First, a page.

There’s a fair chance that if you’re looking at this, you’re interested in knowing more about my time as Sputnik’s White House Correspondent. To make your life easier, I’ve compiled some of the interviews I’ve done and stories about what happened here for your convenience.
The first person I spoke with after I left the office was Erik Wemple of The Washington Post, who wrote this story.
And in the interests of full disclosure, here’s the follow-up he wrote after Sputnik responded to his first article, in which they said I have a “rich imagination.”
A week later I spoke with CNN media reporter (and fellow Montgomery County native) Brian Stelter on his show, “Reliable Sources,” during which I gave a little more context.
The two best articles on the subject so far have been from interviews that I did with The Diplomat and with the Atlantic Council’s Digital Forensics Research Lab in which I was able to go into even more detail on how Sputnik operates and how the work being done there is propaganda rather than journalism.
If you still have questions or would like to speak with me for an article or any other reason, please feel free to contact me.
So I’m sure the reason you’re on this site is that you’re interested in why I’m no longer at Sputnik.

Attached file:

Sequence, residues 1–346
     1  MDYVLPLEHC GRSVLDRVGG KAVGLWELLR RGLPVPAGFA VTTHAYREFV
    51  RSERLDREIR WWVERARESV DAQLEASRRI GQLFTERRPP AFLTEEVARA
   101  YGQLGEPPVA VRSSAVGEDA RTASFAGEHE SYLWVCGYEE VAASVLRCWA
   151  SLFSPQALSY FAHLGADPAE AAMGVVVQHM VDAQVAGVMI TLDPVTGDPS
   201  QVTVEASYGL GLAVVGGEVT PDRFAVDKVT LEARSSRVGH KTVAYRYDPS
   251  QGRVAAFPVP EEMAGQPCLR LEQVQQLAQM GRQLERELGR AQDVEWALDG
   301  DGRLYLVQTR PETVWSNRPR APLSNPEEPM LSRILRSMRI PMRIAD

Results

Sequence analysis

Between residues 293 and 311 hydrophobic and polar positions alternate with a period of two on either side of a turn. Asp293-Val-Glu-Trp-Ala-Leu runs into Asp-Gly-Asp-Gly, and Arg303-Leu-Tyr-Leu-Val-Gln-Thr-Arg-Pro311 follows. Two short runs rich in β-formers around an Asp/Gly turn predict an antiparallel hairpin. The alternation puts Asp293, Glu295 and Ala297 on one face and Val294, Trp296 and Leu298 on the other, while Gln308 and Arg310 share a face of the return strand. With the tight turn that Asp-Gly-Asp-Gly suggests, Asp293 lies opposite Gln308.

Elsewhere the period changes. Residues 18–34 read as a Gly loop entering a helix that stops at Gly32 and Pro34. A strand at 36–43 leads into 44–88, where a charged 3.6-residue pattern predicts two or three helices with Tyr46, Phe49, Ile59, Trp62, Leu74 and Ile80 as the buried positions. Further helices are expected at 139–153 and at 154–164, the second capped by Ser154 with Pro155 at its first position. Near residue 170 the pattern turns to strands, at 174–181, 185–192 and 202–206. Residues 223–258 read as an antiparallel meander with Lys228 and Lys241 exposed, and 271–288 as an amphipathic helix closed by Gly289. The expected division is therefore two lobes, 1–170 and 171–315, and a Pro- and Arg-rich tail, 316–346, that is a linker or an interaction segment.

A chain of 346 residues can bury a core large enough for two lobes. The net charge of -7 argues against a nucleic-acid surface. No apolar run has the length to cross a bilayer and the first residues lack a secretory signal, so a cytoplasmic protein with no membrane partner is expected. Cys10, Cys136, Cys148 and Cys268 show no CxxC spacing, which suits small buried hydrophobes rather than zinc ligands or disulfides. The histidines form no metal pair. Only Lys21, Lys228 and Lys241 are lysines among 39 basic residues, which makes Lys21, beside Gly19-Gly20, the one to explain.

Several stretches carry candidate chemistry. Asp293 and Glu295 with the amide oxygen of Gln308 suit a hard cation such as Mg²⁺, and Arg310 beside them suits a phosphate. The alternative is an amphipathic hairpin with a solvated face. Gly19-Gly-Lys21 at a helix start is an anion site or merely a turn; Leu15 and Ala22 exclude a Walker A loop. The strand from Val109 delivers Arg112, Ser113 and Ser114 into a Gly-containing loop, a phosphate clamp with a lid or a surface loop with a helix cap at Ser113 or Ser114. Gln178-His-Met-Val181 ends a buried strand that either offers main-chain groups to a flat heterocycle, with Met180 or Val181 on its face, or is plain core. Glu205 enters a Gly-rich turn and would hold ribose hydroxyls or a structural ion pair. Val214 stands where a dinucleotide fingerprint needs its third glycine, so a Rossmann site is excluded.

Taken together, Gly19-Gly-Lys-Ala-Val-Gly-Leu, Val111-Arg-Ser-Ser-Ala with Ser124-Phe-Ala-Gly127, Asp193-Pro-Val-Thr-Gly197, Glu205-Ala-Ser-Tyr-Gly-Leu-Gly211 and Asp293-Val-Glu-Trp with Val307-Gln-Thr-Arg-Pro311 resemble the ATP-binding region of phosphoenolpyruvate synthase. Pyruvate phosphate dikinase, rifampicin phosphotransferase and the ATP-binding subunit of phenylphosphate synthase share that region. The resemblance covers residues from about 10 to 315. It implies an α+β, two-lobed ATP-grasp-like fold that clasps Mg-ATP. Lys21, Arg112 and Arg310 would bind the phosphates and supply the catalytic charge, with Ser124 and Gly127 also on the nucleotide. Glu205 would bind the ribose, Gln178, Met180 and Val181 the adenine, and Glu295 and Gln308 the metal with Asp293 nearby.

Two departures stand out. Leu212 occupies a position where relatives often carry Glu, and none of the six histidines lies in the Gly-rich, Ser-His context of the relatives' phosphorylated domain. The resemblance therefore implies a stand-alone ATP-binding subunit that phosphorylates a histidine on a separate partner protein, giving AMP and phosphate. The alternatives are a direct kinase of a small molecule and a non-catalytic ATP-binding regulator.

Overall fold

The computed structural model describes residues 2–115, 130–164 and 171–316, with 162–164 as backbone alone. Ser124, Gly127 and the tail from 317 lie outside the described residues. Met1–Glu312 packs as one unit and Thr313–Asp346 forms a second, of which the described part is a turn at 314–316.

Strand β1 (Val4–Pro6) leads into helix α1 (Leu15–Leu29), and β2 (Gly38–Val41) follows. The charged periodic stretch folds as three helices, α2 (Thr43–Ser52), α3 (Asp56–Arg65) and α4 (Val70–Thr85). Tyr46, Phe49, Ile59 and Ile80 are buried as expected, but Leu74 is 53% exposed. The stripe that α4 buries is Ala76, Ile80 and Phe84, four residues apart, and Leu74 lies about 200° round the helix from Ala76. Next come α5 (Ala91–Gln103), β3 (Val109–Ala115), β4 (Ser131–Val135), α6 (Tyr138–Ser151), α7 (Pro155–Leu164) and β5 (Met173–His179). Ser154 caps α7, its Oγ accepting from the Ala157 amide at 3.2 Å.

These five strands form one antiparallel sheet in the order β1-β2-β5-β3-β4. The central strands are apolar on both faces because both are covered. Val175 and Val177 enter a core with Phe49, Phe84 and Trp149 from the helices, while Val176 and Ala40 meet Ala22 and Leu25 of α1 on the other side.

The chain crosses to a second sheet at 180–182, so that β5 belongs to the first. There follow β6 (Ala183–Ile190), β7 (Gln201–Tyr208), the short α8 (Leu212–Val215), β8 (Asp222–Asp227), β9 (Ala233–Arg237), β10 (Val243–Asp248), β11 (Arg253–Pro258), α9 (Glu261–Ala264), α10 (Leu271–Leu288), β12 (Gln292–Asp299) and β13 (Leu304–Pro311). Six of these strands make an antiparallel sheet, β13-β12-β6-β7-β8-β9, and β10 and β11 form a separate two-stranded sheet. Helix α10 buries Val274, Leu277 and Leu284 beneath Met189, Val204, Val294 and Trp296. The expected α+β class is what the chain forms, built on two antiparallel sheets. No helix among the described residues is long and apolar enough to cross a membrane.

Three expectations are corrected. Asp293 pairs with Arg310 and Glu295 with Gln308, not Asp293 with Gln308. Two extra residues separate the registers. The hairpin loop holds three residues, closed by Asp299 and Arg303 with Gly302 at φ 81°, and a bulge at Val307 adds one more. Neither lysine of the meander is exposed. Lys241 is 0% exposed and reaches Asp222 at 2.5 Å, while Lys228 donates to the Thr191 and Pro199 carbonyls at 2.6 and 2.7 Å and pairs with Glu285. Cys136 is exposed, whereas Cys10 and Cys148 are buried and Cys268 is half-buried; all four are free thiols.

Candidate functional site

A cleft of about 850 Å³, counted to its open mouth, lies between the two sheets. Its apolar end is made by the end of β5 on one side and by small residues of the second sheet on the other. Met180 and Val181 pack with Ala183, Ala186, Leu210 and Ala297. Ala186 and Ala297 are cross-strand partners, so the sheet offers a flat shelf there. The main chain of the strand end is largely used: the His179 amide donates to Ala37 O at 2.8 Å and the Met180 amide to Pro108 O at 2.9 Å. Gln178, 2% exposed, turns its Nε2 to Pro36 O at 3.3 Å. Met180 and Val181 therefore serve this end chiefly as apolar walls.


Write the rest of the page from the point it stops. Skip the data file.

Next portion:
I’ll let people who are better at this sort of thing tell my story in outlets that are far more widely read than my blog, but I’ll say this — accountability in journalism matters. The truth matters. Your name matters. The only thing a reporter has is his byline and his integrity, and they go hand in hand because if you don’t put a name at the top of something you can say whatever you want and no one person can be held accountable.
You are accountable for what appears under your name, and you should never print anything without it. Because your name at the top of a story is a promise that it is the truth, and that you will stand by that truth. Don’t let anyone deny you the right to speak the truth — that is the job.